A pet store chain wants to set up shop in Boston. Boston isn't having it.
There are up to 10,000 puppy mills across the U.S.
That's more than enough to keep an animal lover awake at night.
Have you heard about these places? They're overcrowded and operate largely under the radar. Careless breeding practices means generations of dogs with health defects are born into unsanitary conditions, and female dogs are overbred and often killed once they are no longer of use, according to the ASPCA.
These places are sickening, to say the least.
The City of Boston has had enough — enough to take legal action, that is.
Currently, no pet stores in Boston sell animals from commercial breeders (go Boston!), but a pet store chain had plans to make its way into the city limits.
On March 2, 2016, Boston's city council unanimously approved the "puppy mill bill," which bans commercial breeders from selling dogs, cats, or rabbits in the city. Mayor Martin J. Walsh signed it into law last week, The Boston Globe reported.
“This is a very important piece of legislation that goes after the inhumane factories known as puppy mills,” explained Councilor Matt O’Malley, who proposed the ban. “It will also prohibit the sale of dogs on the street corner or in parking lots.”
The law was a preemptive one. And the good news is, it appears the new measure may complicate the pet store chain's plans to set up shop in Beantown.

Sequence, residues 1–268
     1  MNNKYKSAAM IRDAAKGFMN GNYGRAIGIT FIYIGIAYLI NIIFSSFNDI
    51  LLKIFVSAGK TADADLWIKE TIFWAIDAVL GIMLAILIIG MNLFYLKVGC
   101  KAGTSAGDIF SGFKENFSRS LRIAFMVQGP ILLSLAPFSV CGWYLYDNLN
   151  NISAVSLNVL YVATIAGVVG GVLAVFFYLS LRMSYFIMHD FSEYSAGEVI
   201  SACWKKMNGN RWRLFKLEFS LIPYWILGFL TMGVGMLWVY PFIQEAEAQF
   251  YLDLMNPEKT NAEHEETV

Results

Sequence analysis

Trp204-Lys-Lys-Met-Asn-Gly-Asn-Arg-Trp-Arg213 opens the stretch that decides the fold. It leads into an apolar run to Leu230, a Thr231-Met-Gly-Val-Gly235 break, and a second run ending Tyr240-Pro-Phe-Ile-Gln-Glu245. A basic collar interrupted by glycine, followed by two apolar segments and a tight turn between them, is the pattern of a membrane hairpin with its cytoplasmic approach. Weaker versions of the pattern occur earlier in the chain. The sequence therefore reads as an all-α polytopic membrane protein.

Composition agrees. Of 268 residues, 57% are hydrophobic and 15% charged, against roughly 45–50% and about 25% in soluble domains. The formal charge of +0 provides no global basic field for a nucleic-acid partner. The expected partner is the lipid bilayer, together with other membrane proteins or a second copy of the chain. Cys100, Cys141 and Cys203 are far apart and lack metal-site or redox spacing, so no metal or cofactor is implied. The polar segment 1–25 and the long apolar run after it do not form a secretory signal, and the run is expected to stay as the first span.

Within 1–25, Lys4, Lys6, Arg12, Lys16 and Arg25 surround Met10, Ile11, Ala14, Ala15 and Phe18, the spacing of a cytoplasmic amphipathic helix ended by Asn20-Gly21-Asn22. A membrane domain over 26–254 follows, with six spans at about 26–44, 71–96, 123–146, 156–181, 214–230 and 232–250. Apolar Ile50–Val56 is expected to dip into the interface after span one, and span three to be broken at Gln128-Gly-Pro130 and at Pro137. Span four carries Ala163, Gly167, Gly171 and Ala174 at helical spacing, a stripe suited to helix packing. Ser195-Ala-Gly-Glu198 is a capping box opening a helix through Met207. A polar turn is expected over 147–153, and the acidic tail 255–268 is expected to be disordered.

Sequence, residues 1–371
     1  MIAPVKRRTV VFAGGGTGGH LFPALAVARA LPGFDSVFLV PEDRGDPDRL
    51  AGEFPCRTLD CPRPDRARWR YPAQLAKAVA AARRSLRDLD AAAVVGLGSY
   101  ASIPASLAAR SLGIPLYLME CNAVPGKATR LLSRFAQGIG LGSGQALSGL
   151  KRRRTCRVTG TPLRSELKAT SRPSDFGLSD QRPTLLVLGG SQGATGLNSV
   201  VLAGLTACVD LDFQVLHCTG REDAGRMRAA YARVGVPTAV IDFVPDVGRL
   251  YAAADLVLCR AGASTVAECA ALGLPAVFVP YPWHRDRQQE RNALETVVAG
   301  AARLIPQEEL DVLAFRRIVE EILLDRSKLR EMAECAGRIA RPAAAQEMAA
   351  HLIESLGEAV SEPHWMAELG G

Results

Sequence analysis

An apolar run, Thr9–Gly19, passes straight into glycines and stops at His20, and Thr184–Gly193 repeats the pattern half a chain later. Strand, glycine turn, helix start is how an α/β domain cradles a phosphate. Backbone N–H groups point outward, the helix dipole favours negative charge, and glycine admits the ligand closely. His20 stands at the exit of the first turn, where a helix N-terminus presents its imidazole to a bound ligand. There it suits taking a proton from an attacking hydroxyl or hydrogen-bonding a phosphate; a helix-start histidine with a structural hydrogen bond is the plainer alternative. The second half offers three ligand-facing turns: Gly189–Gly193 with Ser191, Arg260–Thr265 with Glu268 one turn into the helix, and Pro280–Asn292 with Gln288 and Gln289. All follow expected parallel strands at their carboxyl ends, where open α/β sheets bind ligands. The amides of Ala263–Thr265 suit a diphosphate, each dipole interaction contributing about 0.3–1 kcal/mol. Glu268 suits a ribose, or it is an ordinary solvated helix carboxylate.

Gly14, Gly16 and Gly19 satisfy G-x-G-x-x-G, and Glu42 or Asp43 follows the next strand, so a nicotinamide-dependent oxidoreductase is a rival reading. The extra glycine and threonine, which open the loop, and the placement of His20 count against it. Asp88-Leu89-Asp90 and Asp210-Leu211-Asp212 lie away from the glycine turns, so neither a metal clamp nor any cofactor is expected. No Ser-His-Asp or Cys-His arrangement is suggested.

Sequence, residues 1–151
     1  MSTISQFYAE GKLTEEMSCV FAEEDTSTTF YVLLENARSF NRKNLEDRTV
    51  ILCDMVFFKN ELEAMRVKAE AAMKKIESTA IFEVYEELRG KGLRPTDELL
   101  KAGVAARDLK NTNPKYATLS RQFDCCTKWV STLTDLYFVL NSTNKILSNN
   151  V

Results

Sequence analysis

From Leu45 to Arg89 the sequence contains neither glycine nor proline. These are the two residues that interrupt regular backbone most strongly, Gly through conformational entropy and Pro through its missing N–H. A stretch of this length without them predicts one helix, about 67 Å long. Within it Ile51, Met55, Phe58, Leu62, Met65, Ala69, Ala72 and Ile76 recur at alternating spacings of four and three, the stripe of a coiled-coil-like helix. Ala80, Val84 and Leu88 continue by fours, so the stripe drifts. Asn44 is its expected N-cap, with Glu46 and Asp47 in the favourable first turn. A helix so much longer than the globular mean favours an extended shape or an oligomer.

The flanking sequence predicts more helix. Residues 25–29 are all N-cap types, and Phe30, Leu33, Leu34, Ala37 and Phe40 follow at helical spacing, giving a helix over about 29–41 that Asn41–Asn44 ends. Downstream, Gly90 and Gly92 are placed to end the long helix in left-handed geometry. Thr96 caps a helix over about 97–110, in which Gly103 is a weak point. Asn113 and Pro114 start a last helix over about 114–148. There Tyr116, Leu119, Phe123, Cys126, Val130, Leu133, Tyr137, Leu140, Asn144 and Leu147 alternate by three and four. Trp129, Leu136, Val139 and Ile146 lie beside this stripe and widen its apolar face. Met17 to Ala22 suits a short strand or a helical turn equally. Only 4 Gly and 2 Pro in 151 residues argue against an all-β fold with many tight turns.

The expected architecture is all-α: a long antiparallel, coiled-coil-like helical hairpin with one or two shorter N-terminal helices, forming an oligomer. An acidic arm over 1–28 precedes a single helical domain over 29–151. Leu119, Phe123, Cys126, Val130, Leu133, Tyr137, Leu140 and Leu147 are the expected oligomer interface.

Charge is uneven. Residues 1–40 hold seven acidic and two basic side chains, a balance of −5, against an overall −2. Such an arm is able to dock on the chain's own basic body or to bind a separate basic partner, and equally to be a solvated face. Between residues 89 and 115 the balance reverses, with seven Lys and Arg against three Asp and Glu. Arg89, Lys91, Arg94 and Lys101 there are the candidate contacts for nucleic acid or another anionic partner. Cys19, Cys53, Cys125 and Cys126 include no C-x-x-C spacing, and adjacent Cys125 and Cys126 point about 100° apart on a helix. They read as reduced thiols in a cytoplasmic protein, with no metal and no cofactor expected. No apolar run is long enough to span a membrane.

This month is really shaping up to be big one for animal welfare advocates (and a lousy one for puppy mills).
Just a few states away, a smaller city dealt commercial breeders yet another blow.
The city council of Grove City, Ohio, just passed a similar law to Boston's — one that bans pet stores from selling animals obtained from puppy mills.
The ban means all animals sold in Grove City need to be from shelters or rescues, 10TV News in Columbus reported.
It may be a smaller market than Bah-sten, but still — pretty damn cool.
“If people really did their research and really knew what they were buying and how those animals were treated, I think that most people would not buy those dogs," Kristen Ebsen, who supported the ban, told 10TV News. "So I just want to let people know if they're considering buying a dog from a pet store, really do your research."
Can I get a hell yeah for Boston and Grove City?
The best part about all of this is that you don't need to live in Boston or Grove City to fight back against puppy mills.
Like Ebsen noted, the more people realize where their pets come from, the more likely they are to adopt a rescue than contribute to the puppy mill economy.
If you're in the market to welcome a new (furry) family member, you can find a shelter near you. Our four-legged friends thank you for it.